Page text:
other than a general hospital, nursing home, or hospice care, shall be

accompanied with a prescription for an opioid antagonist if any of the

following risk factors are present: a history of substance use disorder;

high doses or cumulative prescriptions that result in ninety morphine

milligram equivalents or higher per day; concurrent use of opioids and

benzodiazepine or nonbenzodiazepine sedative hypnotics.

 

 Section 2. Contains the effective date.

 JUSTIFICATION:

Drug poisoning is the leading cause of death from injuries in the United

States. In New York State and New York City, between 1999 and 2008 the

leading cause of accidental death was overdose, ahead of accidental

falls and motor vehicle accidents. The vast majority of these overdose

deaths occurred inside the home.

According to studies by the Centers for Disease Control and Prevention,

drug poisoning deaths involving opioid analgesics, also known as

prescription pain relievers, such as codeine and oxycodone, have more

than tripled nationally since 1999, and between 2000 and 2011, the rate

of drug poisoning deaths involving opioid analgesics in NYC increased by

267%. In 2012, prescription opioid analgesics were involved in 28% of

overdose deaths in NYC. Between 2015 and 2016 the opioid overdose death

rate in New York State increased by 40%.  Additionally, eighty percent

of heroin users have reported that they used opioid analgesics before

switching to heroin. As of March 2018, more than 115 people in the

United States die every day from overdosing on opioids, according to the

CDC.

 

 The CDC has stated that higher dosages of opioids are associated with

higher risks of overdosing. Furthermore, higher dosages have not been

shown to reduce pain over the long term.

 

 Opioid antagonists, such as naloxone, are drugs that reverse the effects

of opioids, and are effective in preventing overdose deaths.  The avail-

ability of an opioid antagonist is crucial in ensuring that overdose

deaths do not occur. However, an opioid antagonist can only be effective

as an antidote if it is readily accessible when an overdose is happen-

ing. Additionally, opioid antagonists are non-habit forming and non-tox-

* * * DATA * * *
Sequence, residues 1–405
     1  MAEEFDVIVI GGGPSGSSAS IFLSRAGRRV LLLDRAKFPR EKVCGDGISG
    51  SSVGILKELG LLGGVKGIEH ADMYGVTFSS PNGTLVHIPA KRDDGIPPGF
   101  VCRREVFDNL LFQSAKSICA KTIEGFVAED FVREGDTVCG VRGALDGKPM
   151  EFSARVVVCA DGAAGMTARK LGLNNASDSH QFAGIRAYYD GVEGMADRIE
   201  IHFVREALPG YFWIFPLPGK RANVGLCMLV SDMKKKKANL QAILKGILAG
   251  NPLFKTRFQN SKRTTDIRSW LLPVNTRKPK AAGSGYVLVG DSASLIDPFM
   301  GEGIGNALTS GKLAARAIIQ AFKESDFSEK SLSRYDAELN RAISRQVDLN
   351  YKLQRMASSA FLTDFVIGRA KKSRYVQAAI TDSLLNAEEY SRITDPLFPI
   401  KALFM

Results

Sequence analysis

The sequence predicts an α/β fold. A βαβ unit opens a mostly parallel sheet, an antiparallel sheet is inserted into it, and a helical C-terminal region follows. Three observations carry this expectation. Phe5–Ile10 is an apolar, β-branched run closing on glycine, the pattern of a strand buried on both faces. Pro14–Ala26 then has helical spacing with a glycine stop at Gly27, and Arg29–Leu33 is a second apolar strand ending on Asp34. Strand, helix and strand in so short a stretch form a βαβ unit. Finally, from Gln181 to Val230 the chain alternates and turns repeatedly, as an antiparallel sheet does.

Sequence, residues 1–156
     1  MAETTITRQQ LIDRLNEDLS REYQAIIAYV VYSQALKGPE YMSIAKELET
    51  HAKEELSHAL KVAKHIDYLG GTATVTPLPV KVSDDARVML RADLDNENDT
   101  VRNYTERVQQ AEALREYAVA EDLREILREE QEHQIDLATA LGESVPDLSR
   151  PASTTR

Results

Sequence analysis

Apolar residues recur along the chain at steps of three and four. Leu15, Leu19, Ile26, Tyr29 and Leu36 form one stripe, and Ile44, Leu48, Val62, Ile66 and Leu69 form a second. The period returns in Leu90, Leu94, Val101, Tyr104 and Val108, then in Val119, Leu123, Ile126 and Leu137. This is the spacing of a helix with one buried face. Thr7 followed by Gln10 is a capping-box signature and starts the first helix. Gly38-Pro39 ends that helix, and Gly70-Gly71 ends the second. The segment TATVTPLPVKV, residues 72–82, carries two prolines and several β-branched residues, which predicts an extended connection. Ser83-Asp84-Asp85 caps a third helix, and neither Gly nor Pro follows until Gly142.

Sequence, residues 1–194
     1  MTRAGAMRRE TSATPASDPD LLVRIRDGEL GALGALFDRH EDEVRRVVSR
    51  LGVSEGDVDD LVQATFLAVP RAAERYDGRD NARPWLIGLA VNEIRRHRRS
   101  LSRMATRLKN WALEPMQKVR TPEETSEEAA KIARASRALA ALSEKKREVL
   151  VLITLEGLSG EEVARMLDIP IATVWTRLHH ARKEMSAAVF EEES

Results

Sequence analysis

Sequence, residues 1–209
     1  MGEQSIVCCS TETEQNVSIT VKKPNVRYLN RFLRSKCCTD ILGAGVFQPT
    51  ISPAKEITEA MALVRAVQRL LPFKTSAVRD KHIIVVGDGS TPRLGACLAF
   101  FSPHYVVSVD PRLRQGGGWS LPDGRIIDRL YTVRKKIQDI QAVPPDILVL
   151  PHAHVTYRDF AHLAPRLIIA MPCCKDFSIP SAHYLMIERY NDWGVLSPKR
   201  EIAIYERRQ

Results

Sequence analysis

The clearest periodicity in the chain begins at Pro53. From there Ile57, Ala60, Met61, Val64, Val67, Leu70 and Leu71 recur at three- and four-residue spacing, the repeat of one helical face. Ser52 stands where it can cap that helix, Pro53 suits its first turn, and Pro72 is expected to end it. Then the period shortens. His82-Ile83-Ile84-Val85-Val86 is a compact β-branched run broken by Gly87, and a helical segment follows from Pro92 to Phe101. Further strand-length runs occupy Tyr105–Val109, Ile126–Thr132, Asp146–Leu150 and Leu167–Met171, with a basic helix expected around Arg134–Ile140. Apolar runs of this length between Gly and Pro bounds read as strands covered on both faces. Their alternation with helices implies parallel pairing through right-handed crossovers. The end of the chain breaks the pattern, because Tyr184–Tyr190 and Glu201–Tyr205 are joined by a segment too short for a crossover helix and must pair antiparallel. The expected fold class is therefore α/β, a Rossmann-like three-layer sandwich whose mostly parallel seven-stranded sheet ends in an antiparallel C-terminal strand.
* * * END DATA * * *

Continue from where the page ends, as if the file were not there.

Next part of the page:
ic. On April 5th, 2018, the United States Surgeon General issued the

first national advisory in over a decade, urging all Americans to carry

naloxone.

 

 Currently, opioid antagonists can only be used if they are prescribed.

A recent NYC Department of Mental Health and Hygiene study supported a

co-prescribing mandate to increase the availability of opioid antag-

onists. This legislation, by increasing access to opioid antagonists,

may be able to save the lives of those at risk for opioid analgesic

overdoses.

 

 PRIOR LEGISLATIVE HISTORY:

 

 2013-2014: A.9365 - Referred to Health.

2015-2016: A.661 - Referred to Health.

2017-2018: A.1531-A - Referred to Health.

2019-2020: A.5603-B - Referred to Ways and Means.

 

 FISCAL IMPLICATIONS:

 

 None.

 

 EFFECTIVE DATE:

This act shall take effect on the one hundred eightieth day after it

shall have become a law. Effective immediately, the addition, amendment

and/or repeal of any rule or regulation necessary for the implementation

of this act on its effective date are authorized to be made and

completed by the commissioner of health on or before such effective

date.

 

 "Do more than belong: participate.
                              Do more than care: help.
                                           Do more than believe: practice." 

                                                                        - William Arthur Ward                                                                                                                  American author, editor, pastor and teacher